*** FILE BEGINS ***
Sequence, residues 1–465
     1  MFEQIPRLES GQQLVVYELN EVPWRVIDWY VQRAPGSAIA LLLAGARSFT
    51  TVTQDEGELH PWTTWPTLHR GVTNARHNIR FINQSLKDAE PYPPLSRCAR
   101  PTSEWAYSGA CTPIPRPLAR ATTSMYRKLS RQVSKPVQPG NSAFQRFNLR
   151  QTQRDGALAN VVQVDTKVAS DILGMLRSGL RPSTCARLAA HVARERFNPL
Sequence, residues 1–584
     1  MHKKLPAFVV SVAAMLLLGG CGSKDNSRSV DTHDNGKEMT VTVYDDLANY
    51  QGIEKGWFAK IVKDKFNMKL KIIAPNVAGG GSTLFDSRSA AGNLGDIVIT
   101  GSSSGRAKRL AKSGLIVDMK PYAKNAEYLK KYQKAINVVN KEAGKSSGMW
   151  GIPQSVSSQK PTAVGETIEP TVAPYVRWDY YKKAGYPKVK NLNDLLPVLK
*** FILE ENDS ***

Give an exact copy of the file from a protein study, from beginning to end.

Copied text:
Sequence, residues 1–465
     1  MFEQIPRLES GQQLVVYELN EVPWRVIDWY VQRAPGSAIA LLLAGARSFT
    51  TVTQDEGELH PWTTWPTLHR GVTNARHNIR FINQSLKDAE PYPPLSRCAR
   101  PTSEWAYSGA CTPIPRPLAR ATTSMYRKLS RQVSKPVQPG NSAFQRFNLR
   151  QTQRDGALAN VVQVDTKVAS DILGMLRSGL RPSTCARLAA HVARERFNPL
Sequence, residues 1–584
     1  MHKKLPAFVV SVAAMLLLGG CGSKDNSRSV DTHDNGKEMT VTVYDDLANY
    51  QGIEKGWFAK IVKDKFNMKL KIIAPNVAGG GSTLFDSRSA AGNLGDIVIT
   101  GSSSGRAKRL AKSGLIVDMK PYAKNAEYLK KYQKAINVVN KEAGKSSGMW
   151  GIPQSVSSQK PTAVGETIEP TVAPYVRWDY YKKAGYPKVK NLNDLLPVLK